Market size effect
The market size effect is the effect that the size of the market for a good (i.e., the number of potential consumers) has on the quantity traded and the price of the good.
First, note that the market size effect leads to an expansion of the market demand curve, assuming that there are no significant compositional changes in the nature of individual demand curves for existing consumers.
There are several different aspects of the market size aspect:
|Effect on||Nature of effect and explanation|
|quantity traded||Under reasonable assumptions, an increase in market size leads to an increase in the quantity traded, even assuming there are no changes to the market supply curve.|
|market price|| If the supply curve slopes upward, an increase in market size leads to an increase in the market price. This is typically the case when we look at short-run supply curves for most goods.|
If the supply curve slopes downward, an increase in market size leads to a decrease in the market price. This is typically the case when we look at long-run supply curves for goods in a decreasing cost industry. This includes many knowledge goods with high fixed research and development costs.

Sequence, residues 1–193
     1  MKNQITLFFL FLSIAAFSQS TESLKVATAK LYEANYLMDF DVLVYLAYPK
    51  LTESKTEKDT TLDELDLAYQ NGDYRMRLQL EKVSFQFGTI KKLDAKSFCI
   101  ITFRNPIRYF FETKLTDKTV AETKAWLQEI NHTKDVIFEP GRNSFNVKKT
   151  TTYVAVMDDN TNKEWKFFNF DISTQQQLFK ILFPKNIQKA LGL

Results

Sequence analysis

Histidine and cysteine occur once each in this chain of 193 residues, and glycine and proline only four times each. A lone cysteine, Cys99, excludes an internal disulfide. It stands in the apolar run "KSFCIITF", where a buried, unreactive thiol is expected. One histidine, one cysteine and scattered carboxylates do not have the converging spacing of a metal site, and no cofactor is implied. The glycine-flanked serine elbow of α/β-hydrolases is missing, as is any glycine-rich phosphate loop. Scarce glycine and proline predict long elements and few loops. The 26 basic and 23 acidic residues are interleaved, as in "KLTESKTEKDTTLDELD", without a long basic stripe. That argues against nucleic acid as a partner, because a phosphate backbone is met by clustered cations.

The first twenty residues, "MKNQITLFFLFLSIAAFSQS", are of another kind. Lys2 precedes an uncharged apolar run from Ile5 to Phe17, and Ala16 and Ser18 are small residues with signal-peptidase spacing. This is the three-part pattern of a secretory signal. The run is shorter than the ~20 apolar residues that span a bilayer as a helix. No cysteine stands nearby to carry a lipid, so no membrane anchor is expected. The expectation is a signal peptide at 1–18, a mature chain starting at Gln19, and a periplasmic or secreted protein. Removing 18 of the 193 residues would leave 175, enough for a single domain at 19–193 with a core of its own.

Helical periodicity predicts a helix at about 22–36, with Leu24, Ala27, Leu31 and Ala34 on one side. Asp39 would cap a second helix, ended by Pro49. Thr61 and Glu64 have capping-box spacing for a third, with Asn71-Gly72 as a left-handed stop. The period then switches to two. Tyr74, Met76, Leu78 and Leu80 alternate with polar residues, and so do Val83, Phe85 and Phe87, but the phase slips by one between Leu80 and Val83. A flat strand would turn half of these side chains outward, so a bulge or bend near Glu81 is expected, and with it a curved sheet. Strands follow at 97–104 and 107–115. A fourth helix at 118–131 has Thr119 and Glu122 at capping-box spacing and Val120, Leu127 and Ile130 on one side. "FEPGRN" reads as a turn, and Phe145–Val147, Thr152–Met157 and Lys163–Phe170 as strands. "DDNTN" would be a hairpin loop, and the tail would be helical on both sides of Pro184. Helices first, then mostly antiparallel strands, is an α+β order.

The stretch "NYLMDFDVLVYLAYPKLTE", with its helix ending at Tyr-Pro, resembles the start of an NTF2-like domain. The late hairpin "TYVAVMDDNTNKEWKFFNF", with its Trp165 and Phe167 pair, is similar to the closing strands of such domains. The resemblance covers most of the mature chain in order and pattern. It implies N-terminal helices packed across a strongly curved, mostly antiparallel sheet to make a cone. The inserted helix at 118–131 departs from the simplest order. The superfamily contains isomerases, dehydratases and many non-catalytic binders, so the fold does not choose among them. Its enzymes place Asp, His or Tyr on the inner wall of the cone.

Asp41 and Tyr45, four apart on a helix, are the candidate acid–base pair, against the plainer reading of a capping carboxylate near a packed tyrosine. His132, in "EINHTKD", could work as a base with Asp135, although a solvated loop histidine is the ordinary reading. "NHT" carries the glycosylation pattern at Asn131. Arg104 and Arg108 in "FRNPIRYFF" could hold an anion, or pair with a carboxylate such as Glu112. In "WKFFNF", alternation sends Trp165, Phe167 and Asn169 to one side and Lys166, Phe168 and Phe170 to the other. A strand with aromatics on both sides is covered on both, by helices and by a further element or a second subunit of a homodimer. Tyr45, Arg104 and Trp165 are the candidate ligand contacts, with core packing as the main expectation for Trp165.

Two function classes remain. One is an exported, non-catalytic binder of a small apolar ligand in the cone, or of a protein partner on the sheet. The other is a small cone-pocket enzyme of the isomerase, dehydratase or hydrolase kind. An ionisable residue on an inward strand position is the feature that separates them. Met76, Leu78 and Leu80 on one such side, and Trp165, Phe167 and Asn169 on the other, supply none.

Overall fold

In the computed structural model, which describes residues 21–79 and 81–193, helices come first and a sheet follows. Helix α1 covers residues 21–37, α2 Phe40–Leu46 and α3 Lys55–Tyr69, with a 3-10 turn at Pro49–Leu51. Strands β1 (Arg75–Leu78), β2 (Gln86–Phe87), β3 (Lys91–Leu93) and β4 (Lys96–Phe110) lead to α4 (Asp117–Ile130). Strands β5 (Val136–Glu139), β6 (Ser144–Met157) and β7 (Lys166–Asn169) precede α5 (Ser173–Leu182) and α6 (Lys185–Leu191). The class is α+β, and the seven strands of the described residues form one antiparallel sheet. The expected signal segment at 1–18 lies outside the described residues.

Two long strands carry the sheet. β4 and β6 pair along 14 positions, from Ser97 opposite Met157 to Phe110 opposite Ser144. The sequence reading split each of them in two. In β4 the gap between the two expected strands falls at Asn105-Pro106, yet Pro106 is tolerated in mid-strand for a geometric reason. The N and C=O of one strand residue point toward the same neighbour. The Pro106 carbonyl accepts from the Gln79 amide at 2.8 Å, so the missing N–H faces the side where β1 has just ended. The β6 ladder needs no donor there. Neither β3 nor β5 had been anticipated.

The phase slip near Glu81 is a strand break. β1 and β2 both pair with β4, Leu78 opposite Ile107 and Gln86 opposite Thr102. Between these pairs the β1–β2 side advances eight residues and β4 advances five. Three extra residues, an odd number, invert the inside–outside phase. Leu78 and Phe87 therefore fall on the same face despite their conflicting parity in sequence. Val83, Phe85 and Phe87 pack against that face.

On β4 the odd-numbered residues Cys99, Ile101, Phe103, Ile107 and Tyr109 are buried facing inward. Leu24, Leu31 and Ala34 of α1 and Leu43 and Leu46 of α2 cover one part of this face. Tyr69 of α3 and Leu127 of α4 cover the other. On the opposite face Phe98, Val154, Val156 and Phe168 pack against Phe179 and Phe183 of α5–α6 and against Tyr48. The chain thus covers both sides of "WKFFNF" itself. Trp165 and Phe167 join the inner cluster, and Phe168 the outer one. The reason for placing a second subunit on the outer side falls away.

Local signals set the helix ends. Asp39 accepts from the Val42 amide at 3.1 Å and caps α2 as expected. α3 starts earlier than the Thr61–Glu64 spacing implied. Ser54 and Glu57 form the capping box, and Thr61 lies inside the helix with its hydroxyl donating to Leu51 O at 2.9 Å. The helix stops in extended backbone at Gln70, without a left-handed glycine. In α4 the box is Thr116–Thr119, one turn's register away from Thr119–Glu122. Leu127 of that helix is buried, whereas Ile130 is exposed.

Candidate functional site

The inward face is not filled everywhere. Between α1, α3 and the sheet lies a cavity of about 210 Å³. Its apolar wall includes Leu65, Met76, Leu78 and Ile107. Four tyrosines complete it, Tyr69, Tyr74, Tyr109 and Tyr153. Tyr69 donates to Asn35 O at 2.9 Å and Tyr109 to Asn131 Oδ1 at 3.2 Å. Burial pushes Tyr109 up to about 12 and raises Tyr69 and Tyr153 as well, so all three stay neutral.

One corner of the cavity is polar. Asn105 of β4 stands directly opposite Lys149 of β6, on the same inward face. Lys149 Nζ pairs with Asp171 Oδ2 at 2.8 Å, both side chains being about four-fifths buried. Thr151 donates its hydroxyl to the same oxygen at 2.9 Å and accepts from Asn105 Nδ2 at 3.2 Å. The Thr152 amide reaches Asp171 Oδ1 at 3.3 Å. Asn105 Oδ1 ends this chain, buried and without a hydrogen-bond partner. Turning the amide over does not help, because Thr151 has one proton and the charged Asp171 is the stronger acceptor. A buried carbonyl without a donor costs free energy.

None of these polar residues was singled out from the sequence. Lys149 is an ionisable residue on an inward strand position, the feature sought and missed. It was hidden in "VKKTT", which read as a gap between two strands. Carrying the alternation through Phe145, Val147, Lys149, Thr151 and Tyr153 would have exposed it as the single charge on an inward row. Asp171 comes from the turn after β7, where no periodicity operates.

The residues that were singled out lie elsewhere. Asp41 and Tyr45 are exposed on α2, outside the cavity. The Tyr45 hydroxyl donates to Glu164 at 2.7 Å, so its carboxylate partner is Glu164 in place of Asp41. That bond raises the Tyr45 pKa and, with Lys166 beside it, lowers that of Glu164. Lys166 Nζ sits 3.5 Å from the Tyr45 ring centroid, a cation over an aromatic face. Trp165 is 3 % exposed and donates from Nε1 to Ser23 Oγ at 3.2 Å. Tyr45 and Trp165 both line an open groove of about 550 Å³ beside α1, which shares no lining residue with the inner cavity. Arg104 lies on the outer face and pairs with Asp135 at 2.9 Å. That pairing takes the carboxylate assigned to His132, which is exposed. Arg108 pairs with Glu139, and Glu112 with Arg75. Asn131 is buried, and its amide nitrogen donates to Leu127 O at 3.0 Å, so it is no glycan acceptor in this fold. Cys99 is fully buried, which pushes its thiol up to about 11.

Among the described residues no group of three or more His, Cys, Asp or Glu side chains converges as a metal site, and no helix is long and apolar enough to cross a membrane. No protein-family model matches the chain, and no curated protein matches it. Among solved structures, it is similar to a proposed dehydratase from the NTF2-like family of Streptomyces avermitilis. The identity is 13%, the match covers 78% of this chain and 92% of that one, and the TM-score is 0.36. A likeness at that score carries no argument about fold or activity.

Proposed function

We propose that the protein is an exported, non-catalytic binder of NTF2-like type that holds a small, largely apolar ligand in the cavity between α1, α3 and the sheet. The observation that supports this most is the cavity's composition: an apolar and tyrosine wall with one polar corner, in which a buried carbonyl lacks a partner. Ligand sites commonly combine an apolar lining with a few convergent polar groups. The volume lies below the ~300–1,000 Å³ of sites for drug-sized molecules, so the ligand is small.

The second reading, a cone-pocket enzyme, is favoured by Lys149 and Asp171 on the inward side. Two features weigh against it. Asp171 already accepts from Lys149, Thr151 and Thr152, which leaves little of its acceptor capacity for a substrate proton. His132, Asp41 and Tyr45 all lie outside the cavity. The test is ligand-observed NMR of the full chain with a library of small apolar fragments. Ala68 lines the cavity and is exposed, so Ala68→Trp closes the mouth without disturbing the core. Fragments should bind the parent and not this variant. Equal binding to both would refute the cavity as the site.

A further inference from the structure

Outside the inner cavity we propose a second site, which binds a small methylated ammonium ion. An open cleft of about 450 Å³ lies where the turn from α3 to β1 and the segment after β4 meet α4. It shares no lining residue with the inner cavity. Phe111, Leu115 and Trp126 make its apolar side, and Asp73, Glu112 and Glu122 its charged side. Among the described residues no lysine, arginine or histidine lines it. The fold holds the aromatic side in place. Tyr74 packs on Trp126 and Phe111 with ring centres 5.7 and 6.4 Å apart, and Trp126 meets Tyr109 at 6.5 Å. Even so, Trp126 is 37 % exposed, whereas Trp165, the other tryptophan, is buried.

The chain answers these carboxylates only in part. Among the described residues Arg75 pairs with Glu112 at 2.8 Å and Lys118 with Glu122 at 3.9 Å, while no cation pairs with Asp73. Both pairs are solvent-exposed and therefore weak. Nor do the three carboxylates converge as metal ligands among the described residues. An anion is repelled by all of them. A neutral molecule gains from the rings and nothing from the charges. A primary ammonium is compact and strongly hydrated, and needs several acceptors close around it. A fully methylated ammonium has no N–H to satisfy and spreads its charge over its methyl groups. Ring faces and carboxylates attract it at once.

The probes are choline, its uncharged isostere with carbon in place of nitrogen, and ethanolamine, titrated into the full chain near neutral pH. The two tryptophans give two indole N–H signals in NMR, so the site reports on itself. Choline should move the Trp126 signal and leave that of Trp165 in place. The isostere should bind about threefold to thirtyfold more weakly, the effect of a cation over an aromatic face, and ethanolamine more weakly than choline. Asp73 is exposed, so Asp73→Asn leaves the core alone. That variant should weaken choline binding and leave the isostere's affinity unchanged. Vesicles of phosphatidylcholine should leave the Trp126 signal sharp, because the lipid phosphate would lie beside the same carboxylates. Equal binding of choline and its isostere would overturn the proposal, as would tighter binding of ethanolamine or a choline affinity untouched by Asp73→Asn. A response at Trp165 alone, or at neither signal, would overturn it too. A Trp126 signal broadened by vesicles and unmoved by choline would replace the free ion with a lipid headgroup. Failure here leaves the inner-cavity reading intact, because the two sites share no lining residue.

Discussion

|rationales for public goods||The larger the market for a public good, the greater the utilitarian justification for its provision, based on a strict cost benefit analysis. However, this does not directly translate to its provision because of the free-rider problem associated with public goods. In a sense, an increase in market size solves one problem (too small a target market for a public good to be worth the cost) but creates another (a public good that is worth the cost from the perspective of a cost benefit analysis that does not get produced due to the free-rider problem).|